I think about articles I’ve come across from websites titled “Biblical Gender Roles,” in which a subscriber asks the author for advice on guiding his adolescent daughter back into more womanly ambitions after she’s expressed interest in political and leadership career opportunities. And then sitting open-mouthed when I read the author’s advice: steer his daughter towards roles that don’t put her in direct authority over men. Such as homemaking. Or fulfilling her lifelong, wifely duty of submitting to her future husband’s every whim without question.
I think about how in some workplaces, employers that are legally required to not base their hiring practices on race, gender, sexual orientation, etc. will do so anyway. Those employers are less likely to hire a woman who looks to be in her child-bearing prime, lest she need to be put on maternity leave.
But I’d like to end this pessimistic rant by acknowledging the women in my life who’ve directly or indirectly encouraged me to not let society tell me what I can be, just because I was born with a certain anatomy.
I’m encouraged by well-known women like J.K. Rowling (who, despite having overcome a myriad of personal and professional struggles, wrote the Harry Potter series, which quickly become the second best-selling series, second to the Bible. Fun fact, she used her first two initials rather than her full name as a writer, fearing that boy readers would be turned off by books written by a woman…), Christiane Amanpour (who was constantly and fearlessly on the frontlines while working as an international reporter), and Katherine Johnson (whose contributions to the NASA program pushed against the gender and racial barriers prevalent at the time. Watch “Hidden Figures” if you haven’t already!). I’m also encouraged by the many women in my own life, especially the BA boss ladies who operate their own businesses and make it look easy.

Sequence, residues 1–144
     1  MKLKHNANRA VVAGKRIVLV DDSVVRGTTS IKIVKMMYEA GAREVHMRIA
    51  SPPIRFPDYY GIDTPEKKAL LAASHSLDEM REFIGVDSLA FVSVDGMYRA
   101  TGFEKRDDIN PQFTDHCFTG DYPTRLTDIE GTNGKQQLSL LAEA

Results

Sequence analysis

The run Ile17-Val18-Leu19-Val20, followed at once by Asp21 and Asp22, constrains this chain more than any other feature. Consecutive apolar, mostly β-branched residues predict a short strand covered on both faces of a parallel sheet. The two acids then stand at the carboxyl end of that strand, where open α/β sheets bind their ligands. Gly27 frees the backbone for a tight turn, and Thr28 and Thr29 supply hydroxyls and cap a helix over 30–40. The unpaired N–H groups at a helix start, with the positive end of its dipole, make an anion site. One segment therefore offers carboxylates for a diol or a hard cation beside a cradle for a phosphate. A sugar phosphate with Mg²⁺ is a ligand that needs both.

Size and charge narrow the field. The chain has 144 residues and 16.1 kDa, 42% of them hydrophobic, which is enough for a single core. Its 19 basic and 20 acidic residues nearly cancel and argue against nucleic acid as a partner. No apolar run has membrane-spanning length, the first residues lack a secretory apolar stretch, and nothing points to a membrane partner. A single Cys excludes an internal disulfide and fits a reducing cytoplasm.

I would be remiss not to mention the men I’m privileged to know who’ve never made me feel as though my gender should be a limitation in anything I do.
We have come a long way since the William Shatner Star Trek days, where the female cadets aboard the USS Enterprise were made to wear non-functional, short-skirted uniforms (probably solely for the viewing pleasure of their male counterparts). And thank GOD I’ve never seen an ad similar to the below: